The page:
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As the telecommunication industry starts deployments of 5G, players in the ecosystem are exploring how to implement new products and services to take advantage of the capacity and reliability that 5G networks offer. As one vertical that can take advantage of 5G networks, the media & entertainment industry has experienced recent fundamental changes, with the development of video streaming services and changing consumer behavior in consuming media.

As the industry becomes highly competitive, broadcasters and content producers need to make sure they meet consumers’ demands, because expectations for live content source have changed. Live content was traditionally and primarily consumed from traditional broadcast TV platforms; however, today’s consumers expect to access live programs from any service they are using, regardless of broadcast or streaming platforms. As a result, content producers and broadcasters need to produce more content, but in a shorter production timeframe and with fewer resources.

Who is Leading Video Content Production with 5G?

Various connectivities, from fiber-optic to satellite and radio links, are used for the transmission of live video from outdoor events to the production facility. Bonded cellular has been the technology of choice when content production occurs in a connectivity-challenged location. The advancements brought by 5G, such as high bandwidth and low latency, will improve the 3G/4G enabled cellular bonding technology, which is widely used for live production. Video production solution providers, such as AVIWEST, Dejero, and Live U are starting to integrate 5G into their video transmission products.

Trials of video production over the 5G network have also begun in markets in Asia, Europe, and North America. Most recently, the Seoul Broadcasting System deployed LiveU’s 5G integrated encoding and transmission solutions for live coverage of Korea’s election. Chinese equipment vendors ZTE and Huawei have also tested live production of outdoor events via 5G networks. Broadcasters such as BT Sports, NBC Sports, and ITN TV are trialing video production over 5G networks as well.

Overcoming Challenges to Deployment

Due to the costs associated with outside broadcast production, dedicated connections between the event location and studio are established in order to support multi-gigabits bandwidth for remote production. However, such dedicated connections are usually limited to metropolitan areas or some event venues, such as stadiums. Satellite links and other point-to-point microwave links can be used as alternatives; however, there are challenges like the costs associated with satellite and concerns regarding spectrum scarcity with the microwave links.

While the 5G network can support the higher bandwidth and lower latency capability for video production, network performance can be challenging when shared by multiple users and applications. Fluctuations in bandwidth, depending on local traffic conditions, can create a negative impact on video transmission. In addition, sharing bandwidth over the public network may not be enough when transmitting lightly compressed video from the remote production site to the studio. 5G networking slicing is expected to play an important role in providing guaranteed QoS, which is critically important in terms of bandwidth and latency, and required for high-value content production such as sports.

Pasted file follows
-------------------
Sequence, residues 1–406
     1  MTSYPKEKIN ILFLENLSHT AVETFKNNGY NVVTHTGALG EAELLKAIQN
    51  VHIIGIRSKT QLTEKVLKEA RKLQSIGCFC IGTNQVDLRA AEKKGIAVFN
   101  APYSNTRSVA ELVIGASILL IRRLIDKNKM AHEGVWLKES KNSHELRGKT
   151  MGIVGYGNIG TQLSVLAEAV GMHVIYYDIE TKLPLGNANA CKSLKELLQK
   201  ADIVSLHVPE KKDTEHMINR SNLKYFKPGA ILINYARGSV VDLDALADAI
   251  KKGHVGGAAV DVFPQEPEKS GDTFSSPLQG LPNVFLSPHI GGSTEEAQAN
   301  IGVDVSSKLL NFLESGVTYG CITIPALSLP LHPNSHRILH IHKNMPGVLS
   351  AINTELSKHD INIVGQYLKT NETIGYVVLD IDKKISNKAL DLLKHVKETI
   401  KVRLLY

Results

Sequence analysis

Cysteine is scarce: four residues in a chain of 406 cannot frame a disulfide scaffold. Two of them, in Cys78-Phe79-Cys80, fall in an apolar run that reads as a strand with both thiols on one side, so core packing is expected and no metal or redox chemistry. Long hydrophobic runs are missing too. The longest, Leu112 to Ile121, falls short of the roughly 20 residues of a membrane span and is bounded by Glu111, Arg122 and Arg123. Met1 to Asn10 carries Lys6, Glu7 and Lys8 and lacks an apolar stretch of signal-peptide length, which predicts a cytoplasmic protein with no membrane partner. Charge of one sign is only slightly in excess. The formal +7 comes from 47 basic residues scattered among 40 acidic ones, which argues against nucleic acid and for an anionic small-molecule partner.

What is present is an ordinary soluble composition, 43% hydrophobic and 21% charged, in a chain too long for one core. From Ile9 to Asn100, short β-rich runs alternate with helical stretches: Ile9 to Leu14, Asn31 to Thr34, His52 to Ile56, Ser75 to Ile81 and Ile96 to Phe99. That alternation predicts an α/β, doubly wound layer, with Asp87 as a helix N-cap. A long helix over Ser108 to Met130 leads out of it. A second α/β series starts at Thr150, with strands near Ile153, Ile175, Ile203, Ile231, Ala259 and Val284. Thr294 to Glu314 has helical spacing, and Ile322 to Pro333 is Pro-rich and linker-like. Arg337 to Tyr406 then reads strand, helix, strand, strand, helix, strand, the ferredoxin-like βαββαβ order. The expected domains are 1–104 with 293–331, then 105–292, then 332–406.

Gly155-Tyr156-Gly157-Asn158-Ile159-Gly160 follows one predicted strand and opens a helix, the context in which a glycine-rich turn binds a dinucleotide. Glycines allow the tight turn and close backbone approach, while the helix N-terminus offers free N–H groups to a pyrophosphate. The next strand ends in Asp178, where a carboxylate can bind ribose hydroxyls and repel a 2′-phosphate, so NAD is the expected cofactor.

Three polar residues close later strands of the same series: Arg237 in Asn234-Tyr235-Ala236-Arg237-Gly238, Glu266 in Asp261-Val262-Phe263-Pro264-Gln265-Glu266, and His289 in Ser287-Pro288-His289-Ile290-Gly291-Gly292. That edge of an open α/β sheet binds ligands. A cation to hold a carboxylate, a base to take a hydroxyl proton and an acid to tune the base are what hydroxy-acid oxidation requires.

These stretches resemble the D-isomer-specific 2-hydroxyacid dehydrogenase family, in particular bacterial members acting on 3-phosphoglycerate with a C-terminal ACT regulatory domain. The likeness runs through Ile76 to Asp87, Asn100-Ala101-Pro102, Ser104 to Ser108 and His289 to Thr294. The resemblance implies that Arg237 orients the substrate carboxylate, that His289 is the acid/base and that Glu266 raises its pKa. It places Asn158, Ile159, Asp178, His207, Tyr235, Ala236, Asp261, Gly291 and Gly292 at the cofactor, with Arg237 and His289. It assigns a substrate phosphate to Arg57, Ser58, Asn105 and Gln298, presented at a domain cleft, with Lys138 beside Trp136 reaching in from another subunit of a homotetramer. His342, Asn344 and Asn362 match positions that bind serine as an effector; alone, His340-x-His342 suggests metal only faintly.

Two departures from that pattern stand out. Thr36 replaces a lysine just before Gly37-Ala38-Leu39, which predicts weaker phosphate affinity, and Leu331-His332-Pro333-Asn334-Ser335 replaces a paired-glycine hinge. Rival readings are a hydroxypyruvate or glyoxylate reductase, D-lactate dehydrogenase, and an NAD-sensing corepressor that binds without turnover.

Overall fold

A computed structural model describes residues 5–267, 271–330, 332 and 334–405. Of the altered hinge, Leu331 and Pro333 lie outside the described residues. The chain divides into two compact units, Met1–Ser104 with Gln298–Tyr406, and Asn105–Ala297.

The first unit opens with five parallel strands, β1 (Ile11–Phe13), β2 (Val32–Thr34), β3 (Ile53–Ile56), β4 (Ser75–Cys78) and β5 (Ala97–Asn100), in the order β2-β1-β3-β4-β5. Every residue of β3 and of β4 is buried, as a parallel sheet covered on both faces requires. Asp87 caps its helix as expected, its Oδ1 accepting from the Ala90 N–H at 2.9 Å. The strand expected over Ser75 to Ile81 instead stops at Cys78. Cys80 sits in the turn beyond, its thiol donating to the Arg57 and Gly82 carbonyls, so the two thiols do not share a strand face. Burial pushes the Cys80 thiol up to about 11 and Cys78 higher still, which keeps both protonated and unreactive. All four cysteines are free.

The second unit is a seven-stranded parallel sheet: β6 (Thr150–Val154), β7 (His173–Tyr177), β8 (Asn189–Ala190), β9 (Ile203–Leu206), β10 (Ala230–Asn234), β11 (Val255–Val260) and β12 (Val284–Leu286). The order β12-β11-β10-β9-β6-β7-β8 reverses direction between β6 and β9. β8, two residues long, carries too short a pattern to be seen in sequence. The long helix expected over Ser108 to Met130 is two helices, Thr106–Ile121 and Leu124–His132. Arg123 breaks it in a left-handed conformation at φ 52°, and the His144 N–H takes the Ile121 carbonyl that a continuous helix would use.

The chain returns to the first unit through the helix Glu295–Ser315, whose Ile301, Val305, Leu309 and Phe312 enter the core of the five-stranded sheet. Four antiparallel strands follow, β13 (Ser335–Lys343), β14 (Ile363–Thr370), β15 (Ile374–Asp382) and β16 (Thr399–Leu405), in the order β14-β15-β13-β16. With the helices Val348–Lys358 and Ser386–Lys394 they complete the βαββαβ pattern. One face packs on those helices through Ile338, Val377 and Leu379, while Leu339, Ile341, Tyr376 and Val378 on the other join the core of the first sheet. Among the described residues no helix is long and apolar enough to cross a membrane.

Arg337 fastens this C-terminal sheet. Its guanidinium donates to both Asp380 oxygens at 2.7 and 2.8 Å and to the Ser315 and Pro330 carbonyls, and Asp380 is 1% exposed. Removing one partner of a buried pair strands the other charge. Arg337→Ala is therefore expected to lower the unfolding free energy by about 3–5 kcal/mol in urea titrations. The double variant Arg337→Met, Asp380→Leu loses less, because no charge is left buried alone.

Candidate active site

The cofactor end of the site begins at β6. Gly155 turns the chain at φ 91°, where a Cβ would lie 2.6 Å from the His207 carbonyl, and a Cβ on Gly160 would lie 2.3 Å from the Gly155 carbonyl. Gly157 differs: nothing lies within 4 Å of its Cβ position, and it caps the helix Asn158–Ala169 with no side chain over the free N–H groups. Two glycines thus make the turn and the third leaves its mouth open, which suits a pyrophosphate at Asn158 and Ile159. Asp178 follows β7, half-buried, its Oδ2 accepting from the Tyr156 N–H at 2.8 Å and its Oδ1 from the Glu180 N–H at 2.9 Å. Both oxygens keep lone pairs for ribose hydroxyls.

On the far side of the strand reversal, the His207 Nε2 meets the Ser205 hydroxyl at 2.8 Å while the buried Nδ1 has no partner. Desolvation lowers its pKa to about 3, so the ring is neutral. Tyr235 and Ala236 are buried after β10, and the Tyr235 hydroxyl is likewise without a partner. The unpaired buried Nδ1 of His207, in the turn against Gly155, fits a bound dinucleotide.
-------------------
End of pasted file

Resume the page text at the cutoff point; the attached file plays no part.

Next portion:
Network operators can take advantage of network slicing to offer differentiated network services for content production. Operators need to perform collaboration with different parties in the value chain to meet the requirement in the industry. Partnerships between network operators and broadcasters or third-party players to provide dedicated access to locations such as stadiums can provide new business models and revenue-generating opportunities for different players.

Considering the cost, complexity, and availability of dedicated connections between production sites and studios, broadcasters have been using alternate connectivity for remote production. Media organizations have been using cellular networks for transmitting live video for news gathering, special event coverage, and many outdoor events. Bonded cellular technology has been helpful for achieving higher bandwidth over the mobile network, enabling video contribution over the mobile network.

Solutions and Recommendations

Providing 5G network slicing directly to broadcasters and content producers could be challenging for network operators because operators will be competing with existing connectivity solution providers focusing on broadcast and remote productions. These rival groups usually have a deep understanding of the business requirements, as well as strong relationships with the broadcasters. Operators will need to have strategic business models around how to monetize the technology.

Network operators may choose a business model to provide Network Slice Instances (NSIs) to connectivity solution providers, supporting the required network quality for content production. Connectivity solution providers can offer Network Slices-as-a-Service to broadcasters and content producers.

Operators can choose from subscription-based, pay-as-you-go, or differentiated pricing models depending on the service type. Subscription-based and pay-as-you-go models are good options when selling directly to content producers. Differentiated pricing models can be applied when providing network slicing types of connectivity. Differentiated pricing models enable matching supply and demand by allowing customers to pay for their customized needs.

These findings are from ABI Research’s New Opportunities for 5G in Content Production application analysis report, as part of the company’s Video and Cloud research service, which includes research, data, and ABI Insights.